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Rep. Tom Weber optimistic as 101st General Assembly begins

Rep. Tom Weber optimistic as 101st General Assembly begins

Lake Villa Republican begins first term serving 64th District

By PETER HANCOCK

Capitol News Illinois

phancock@capitolnewsillinois.com

SPRINGFIELD – On his first business day in the Illinois Statehouse, newly-elected Rep. Tom Weber settled into his new office, a jar of homemade beef jerky on his desk, and smiled with a cautious sense of optimism.

“I’m positive until there’s something not to be positive about,” the Lake Villa Republican said in an interview Tuesday, shortly before the House gaveled into session to begin the 101st General Assembly.

For Weber and other Republicans in the Statehouse, that optimism might seem misplaced. With a new Democratic governor, J.B. Pritzker, in office, and with Democrats holding supermajorities in both chambers, GOP lawmakers might have to struggle just to be relevant in policy discussions.

But Weber said there is widespread hope this year that the partisan gridlock that characterized the past four years in Springfield, and which led to a historic two-year budget stalemate, is now a thing of the past.

“Obviously, I wasn’t here. But I had seen male and female legislators both crying about their experience here in the last four years,” Weber said. “It’s got to be hard when you have ideas that you think are good ideas, and you want to really have an impact and make a difference in people’s lives, and hopefully better the lives of people in your district, and not be able to do anything.”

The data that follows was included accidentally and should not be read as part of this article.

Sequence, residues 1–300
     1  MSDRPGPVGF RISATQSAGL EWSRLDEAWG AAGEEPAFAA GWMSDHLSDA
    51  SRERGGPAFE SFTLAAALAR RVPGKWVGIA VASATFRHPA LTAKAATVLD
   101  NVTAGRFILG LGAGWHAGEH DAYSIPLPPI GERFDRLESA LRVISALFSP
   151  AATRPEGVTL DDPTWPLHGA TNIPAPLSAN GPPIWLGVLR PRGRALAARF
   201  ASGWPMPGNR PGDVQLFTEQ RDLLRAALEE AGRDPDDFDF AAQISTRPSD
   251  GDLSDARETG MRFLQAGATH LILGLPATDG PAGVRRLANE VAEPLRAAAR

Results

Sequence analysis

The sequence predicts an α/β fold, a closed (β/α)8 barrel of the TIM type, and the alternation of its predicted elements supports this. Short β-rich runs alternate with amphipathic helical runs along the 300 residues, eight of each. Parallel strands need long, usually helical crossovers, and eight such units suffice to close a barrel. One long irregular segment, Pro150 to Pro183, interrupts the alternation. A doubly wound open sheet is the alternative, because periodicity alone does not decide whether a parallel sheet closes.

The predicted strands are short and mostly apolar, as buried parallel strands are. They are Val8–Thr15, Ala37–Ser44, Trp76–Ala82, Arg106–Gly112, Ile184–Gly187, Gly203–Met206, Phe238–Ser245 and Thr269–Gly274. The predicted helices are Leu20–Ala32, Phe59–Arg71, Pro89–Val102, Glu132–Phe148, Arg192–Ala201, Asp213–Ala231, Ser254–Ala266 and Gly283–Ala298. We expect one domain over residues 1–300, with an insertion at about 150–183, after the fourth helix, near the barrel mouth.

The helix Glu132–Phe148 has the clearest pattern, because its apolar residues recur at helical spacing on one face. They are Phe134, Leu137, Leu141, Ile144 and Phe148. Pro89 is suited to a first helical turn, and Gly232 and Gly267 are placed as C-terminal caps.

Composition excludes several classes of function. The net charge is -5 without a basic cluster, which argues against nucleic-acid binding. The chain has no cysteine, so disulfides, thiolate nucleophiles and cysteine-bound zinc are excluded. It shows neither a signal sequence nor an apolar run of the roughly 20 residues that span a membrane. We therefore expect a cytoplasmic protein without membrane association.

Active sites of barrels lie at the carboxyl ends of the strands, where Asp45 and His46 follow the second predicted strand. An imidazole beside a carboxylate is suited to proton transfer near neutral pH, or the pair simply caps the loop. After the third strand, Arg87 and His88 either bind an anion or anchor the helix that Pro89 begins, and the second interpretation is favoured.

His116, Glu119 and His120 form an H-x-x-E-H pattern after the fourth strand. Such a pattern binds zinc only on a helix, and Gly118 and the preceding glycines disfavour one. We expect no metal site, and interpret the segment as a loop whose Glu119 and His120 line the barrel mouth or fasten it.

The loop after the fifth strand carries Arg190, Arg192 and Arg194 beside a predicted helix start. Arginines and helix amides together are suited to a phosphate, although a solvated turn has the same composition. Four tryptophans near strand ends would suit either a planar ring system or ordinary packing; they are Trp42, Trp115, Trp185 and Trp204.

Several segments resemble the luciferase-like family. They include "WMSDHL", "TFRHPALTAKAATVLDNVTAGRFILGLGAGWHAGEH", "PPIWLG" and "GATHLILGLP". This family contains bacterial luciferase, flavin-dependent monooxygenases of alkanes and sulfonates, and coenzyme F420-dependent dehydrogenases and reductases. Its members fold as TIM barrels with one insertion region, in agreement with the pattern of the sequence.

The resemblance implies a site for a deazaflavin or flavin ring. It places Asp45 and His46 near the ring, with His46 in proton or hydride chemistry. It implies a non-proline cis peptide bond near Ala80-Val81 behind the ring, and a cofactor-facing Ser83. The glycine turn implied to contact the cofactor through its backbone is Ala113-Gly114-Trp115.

“Because it’s a lot of blood, sweat and tears running for office,” he added. “I think we all, in general, want to do the right thing. I’m hoping that I don’t have that same experience.”

A carpenter and small business owner by trade, Weber is also a former member of the Lake County Board. He won the 64th District House seat in the 2018 elections over Democratic opponent Trisha Zubert by a comfortable margin, 58-42 percent, to succeed former Republican Rep. Barbara Wheeler.

As the 2019 session got underway this past week, Weber jumped straight into the water, joining his fellow Republicans in pushing for a number of legislative reforms. The first was a package of proposed changes to House rules that Republicans intended would rein in the power of a handful of leaders to control what bills get heard in the House, and to give minority voices more of a say.

That quickly proved to be unsuccessful. But Weber is more hopeful about another proposal, which Gov. Pritzker has said he favors in principle. That’s the so-called “Fair Maps” constitutional amendment that would hand over the responsibility of redrawing legislative and congressional district maps every 10 years to an independent, bipartisan commission.

“I think if you look at the map of my district, it’s a perfect example of gerrymandering,” Weber said, showing the map of the 64th District that he’d pulled up on his smart phone. “When people say ‘gerrymandering,’ I think that’s one of the districts that actually shows pretty good what gerrymandering can look like. I have a lot of towns, but my district goes around most of them.”